Some microbes that naturally dwell in our intestines might be bad for our eyes, triggering autoimmune uveitis, one of the leading causes of blindness. A new study suggests that certain gut residents produce proteins that enable destructive immune cells to enter the eyes.
The idea that gut microbes might promote autoimmune uveitis “has been there in the back of our minds,” says ocular immunologist Andrew Taylor of the Boston University School of Medicine, who wasn’t connected to the research. “This is the first time that it’s been shown that the gut flora seems to be part of the process.”
As many as 400,000 people in the United States have autoimmune uveitis, in which T cells—the commanders of the immune system—invade the eye and damage its middle layer. All T cells are triggered by specific molecules called antigens, and for T cells that cause autoimmune uveitis, certain eye proteins are the antigens. Even healthy people carry these T cells, yet they don't usually swarm the eyes and unleash the disease. That's because they first have to be triggered by their matching antigen. However, those proteins don't normally leave the eye. So what could stimulate the T cells? One possible explanation is microbes in the gut.
In the new study, immunologist Rachel Caspi of the National Eye Institute in Bethesda, Maryland, and colleagues genetically engineered mice so their T cells recognized one of the same eye proteins targeted in autoimmune uveitis. The rodents developed the disease around the time they were weaned. But dosing the animals with four antibiotics that killed off most of their gut microbes delayed the onset and reduced the severity of the disease. The researchers saw the same effects in so-called germ-free mice, which lack gut bacteria.
To test whether gut microbes were stimulating these T cells, Caspi and colleagues added the intestinal contents of the diseased mice to T cell cultures. This gut goop switched on the cells, priming them for eye infiltration. The team wondered whether a protein released by the intestinal microbes was triggering the T cells, so they then added a protein-destroying enzyme to the intestinal mixture. The T cell response was weaker, suggesting they were responding to a protein. In another experiment, the scientists injected T cells from the genetically altered mice into control mice that were not prone to autoimmune uveitis. If these T cells haven’t been exposed to intestinal material, they don’t cause uveitis. But 86% of the animals developed autoimmune uveitis if they received a large dose of T cells that had been exposed to intestinal contents of diseased mice, the researchers report online today in Immunity.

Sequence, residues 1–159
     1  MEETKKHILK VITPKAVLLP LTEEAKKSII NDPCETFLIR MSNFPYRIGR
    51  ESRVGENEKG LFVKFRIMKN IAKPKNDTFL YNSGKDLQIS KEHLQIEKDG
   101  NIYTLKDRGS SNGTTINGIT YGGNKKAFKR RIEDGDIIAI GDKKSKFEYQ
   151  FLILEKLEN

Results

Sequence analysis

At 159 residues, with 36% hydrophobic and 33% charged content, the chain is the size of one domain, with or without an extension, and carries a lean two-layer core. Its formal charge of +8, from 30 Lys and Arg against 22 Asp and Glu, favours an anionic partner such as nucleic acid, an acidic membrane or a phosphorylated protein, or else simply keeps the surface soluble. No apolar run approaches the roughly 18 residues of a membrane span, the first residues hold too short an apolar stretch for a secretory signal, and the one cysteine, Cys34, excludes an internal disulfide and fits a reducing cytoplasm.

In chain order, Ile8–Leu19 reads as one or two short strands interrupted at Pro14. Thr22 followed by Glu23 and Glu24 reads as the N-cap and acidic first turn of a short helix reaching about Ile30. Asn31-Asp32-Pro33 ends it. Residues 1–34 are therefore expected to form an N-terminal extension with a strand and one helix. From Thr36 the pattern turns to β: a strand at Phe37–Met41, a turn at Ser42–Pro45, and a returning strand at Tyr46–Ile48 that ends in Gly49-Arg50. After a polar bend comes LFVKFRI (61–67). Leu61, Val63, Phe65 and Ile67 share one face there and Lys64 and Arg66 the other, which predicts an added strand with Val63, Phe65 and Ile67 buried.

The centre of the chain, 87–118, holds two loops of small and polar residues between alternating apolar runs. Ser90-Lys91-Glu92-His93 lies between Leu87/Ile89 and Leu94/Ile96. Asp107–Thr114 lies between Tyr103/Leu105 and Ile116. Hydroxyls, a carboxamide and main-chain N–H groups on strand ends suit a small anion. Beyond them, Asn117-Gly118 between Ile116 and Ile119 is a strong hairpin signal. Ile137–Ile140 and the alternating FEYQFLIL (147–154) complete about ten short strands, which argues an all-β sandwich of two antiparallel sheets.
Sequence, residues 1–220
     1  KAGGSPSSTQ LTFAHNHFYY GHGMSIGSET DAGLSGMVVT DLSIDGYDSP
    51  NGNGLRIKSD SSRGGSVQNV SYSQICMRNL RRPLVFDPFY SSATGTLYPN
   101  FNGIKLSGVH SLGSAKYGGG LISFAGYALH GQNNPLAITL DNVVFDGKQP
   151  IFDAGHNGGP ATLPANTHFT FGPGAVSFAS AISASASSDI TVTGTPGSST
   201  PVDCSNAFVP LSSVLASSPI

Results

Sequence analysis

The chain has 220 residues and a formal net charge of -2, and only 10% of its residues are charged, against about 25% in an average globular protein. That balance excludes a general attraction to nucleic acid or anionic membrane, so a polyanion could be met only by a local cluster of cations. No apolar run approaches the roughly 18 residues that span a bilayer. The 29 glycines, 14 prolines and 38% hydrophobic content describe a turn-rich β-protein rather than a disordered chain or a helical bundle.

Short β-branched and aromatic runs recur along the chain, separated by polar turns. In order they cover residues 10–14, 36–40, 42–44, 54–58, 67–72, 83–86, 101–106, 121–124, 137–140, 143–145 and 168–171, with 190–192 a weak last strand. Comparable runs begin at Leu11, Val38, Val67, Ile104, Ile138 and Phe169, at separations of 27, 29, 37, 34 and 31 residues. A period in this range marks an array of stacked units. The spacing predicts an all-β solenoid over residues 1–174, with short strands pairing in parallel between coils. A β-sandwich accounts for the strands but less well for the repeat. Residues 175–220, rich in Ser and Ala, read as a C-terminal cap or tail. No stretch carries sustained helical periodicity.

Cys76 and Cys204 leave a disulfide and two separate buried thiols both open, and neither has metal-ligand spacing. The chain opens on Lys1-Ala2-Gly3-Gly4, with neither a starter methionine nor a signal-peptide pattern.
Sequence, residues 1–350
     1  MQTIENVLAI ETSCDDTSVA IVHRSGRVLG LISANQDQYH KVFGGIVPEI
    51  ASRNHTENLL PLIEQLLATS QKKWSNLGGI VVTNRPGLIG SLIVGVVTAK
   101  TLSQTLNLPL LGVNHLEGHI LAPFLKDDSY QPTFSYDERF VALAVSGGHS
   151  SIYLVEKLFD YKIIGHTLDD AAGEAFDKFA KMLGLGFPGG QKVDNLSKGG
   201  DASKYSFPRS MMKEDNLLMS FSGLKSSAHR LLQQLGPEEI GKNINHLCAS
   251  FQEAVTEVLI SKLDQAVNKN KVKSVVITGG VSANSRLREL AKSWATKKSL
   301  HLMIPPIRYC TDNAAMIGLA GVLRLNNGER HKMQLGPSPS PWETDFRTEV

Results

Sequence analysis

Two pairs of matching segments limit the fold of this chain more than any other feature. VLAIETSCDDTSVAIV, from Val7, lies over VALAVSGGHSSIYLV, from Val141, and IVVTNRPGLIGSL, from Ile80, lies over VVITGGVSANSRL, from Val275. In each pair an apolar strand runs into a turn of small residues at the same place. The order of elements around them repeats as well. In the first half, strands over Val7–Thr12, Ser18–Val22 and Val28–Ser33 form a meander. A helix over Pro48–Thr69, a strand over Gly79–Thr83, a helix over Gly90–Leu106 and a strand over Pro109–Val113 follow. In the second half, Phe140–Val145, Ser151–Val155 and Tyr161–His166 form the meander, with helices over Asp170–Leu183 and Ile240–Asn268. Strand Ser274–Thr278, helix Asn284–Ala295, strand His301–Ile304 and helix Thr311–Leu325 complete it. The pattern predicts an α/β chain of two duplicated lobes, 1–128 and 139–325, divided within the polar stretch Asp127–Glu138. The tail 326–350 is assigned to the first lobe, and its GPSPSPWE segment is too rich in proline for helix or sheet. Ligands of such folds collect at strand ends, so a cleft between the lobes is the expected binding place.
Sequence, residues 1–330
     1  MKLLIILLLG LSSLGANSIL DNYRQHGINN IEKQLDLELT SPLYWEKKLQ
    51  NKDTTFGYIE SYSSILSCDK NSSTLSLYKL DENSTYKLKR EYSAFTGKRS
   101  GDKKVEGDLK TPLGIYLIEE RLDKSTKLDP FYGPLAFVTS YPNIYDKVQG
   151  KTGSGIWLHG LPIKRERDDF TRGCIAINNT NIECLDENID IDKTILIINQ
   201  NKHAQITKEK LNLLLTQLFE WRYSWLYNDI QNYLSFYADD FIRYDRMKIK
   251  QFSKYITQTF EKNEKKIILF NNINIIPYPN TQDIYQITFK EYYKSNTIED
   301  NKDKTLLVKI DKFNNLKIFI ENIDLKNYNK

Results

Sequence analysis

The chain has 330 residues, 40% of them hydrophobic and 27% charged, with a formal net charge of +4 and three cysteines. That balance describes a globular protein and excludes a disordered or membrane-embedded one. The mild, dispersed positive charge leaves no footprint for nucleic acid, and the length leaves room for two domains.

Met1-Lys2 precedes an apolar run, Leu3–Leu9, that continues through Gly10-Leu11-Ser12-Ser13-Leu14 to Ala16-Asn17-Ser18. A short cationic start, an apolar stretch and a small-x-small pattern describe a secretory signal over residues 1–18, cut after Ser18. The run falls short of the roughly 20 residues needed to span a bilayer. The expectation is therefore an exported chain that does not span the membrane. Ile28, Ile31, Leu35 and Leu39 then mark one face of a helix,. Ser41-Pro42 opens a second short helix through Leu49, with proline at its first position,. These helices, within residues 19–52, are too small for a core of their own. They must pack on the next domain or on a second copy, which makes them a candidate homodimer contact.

The results suggest that certain bacteria in the intestines produce proteins that closely resemble those in the eye—and can switch on some T cells in the intestines. “We can prove that activation is occurring in the gut,” Caspi says. The activated cells then presumably travel to the eyes, which they enter and start to destroy.
“It’s a very rigorous approach, and it really adds to our knowledge” about the origins of autoimmune uveitis, says ocular immunologist Russell Read of the University of Alabama, Birmingham, who was not involved in the study. One question researchers now need to answer is why we don’t all have these autoimmune reactions in our retinas, says ocular immunologist James Rosenbaum of the Oregon Health & Science University in Portland. It’s possible, he says, that only some people have the bacteria that stimulate the T cells or that certain genes could leave some individuals vulnerable to the disease.
Caspi and colleagues are still trying to find out which gut proteins the T cells recognize and which bacteria produce them. “I don’t want to suggest that popping an antibiotic pill or taking a probiotic is going to be a solution for the disease,” she says. But identifying these molecular mimics of the eye proteins, along with the bacteria that spawn them, could help researchers develop new ways to treat or prevent autoimmune uveitis.